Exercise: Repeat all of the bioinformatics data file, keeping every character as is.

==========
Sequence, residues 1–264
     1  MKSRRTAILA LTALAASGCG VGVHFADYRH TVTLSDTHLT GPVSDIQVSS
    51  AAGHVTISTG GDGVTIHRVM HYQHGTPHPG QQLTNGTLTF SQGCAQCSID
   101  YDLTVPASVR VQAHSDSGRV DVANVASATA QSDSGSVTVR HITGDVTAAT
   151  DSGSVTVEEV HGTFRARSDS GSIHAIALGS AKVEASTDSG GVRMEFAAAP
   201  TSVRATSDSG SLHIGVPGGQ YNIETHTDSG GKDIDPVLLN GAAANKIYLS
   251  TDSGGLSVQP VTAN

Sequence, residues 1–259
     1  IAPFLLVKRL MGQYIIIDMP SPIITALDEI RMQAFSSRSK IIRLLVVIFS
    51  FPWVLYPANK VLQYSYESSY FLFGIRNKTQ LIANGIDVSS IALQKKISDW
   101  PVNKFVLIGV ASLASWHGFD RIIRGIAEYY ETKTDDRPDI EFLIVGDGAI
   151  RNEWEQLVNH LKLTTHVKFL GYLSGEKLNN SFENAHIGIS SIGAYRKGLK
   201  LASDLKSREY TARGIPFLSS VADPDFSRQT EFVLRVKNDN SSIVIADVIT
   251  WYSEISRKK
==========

Sequence, residues 1–264
     1  MKSRRTAILA LTALAASGCG VGVHFADYRH TVTLSDTHLT GPVSDIQVSS
    51  AAGHVTISTG GDGVTIHRVM HYQHGTPHPG QQLTNGTLTF SQGCAQCSID
   101  YDLTVPASVR VQAHSDSGRV DVANVASATA QSDSGSVTVR HITGDVTAAT
   151  DSGSVTVEEV HGTFRARSDS GSIHAIALGS AKVEASTDSG GVRMEFAAAP
   201  TSVRATSDSG SLHIGVPGGQ YNIETHTDSG GKDIDPVLLN GAAANKIYLS
   251  TDSGGLSVQP VTAN

Sequence, residues 1–259
     1  IAPFLLVKRL MGQYIIIDMP SPIITALDEI RMQAFSSRSK IIRLLVVIFS
    51  FPWVLYPANK VLQYSYESSY FLFGIRNKTQ LIANGIDVSS IALQKKISDW
   101  PVNKFVLIGV ASLASWHGFD RIIRGIAEYY ETKTDDRPDI EFLIVGDGAI
   151  RNEWEQLVNH LKLTTHVKFL GYLSGEKLNN SFENAHIGIS SIGAYRKGLK
   201  LASDLKSREY TARGIPFLSS VADPDFSRQT EFVLRVKNDN SSIVIADVIT
   251  WYSEISRKK